implicates US national security."3  Kaspersky rejected
the allegations and responded by saying that its products and solutions
"are designed to protect against cybercriminals and malicious threat
actors, not enable attacks against any organization or entity. The company does
not develop any offensive techniques and has never helped, or will help, any
government in the world in their offensive efforts in cyberspace."

The company’s statement did little to thwart the US government’s offensive.
In December 2017, President Donald Trump signed legislation banning the use of
any Kaspersky products within the government. The law applies to both
military and civilian networks. Kaspersky turned around and sued Trump’s
administration but both of those cases have since been dismissed. There’s been
talk that the US may eventually decide to prohibit the company’s products
nationwide, essentially booting Kaspersky’s operations from the country. The
United Kingdom followed the US initiative and prohibited the use of Kaspersky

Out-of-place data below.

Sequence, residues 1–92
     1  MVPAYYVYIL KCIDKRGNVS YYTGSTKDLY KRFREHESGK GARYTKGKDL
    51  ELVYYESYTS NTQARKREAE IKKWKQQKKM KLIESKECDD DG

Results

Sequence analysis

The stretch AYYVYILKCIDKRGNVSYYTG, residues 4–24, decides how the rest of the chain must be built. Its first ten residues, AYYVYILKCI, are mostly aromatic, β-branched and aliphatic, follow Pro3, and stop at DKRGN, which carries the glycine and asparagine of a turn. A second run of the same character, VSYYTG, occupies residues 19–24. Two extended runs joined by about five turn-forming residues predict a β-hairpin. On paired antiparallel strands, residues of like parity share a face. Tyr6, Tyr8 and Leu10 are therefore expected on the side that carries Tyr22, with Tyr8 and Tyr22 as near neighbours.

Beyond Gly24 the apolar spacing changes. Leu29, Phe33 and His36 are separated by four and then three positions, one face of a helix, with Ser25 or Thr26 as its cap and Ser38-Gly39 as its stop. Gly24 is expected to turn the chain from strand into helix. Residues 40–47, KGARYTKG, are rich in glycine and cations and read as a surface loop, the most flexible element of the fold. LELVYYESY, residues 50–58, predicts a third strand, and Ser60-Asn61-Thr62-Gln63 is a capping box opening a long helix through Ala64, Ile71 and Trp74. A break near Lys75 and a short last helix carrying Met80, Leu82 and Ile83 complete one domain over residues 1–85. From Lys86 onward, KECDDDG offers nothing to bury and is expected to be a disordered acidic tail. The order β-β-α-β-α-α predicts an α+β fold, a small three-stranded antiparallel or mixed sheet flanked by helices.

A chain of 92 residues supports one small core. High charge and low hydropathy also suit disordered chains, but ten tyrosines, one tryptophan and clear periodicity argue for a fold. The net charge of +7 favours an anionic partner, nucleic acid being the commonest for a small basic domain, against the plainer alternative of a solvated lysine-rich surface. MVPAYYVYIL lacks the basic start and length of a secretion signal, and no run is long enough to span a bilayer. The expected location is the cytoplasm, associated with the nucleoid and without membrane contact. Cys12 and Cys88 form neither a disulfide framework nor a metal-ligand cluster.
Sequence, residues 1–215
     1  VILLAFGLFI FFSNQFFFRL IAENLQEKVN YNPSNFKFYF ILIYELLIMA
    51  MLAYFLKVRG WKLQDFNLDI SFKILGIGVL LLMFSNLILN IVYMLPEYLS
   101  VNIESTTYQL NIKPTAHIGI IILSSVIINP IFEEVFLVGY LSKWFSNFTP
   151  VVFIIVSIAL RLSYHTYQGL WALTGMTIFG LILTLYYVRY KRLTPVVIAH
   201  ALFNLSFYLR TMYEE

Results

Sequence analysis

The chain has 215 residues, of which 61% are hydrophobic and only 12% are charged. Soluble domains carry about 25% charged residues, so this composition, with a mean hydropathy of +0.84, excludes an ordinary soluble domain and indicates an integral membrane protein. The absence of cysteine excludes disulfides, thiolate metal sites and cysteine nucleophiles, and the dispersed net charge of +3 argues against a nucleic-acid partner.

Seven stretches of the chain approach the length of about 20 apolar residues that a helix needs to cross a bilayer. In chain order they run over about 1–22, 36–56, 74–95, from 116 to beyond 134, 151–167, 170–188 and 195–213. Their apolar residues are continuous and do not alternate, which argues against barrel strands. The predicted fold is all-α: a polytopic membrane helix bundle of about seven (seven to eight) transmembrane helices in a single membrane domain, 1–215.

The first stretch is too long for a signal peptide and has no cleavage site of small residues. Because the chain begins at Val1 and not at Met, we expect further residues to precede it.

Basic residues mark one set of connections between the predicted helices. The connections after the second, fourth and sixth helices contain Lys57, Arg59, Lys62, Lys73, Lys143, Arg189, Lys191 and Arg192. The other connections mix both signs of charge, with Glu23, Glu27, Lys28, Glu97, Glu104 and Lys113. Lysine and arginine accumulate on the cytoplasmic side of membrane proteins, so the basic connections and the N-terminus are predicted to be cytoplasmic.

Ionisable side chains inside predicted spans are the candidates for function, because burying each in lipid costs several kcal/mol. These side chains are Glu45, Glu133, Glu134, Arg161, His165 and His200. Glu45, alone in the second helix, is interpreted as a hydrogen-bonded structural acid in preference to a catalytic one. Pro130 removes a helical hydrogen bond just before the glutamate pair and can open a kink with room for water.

products on its government networks. Citing Russia’s attacks on UK cyberspace
interests, the Government Communications Headquarters’ National Cyber Security
Centre made this statement, "…we advise that where it is assessed that
access to the information by the Russian state would be a risk to national
security, a Russia-based AV (antivirus) company should not be chosen. In
practical terms, this means that for systems processing information classified
SECRET and above, a Russia-based provider should never be used… we are in
discussions with Kaspersky… about whether we can develop a framework that
we and others can independently verify, which would give the Government
assurance about the security of their involvement in the wider UK market. In
particular, we are seeking verifiable measures to prevent the transfer of UK
data to the Russian state."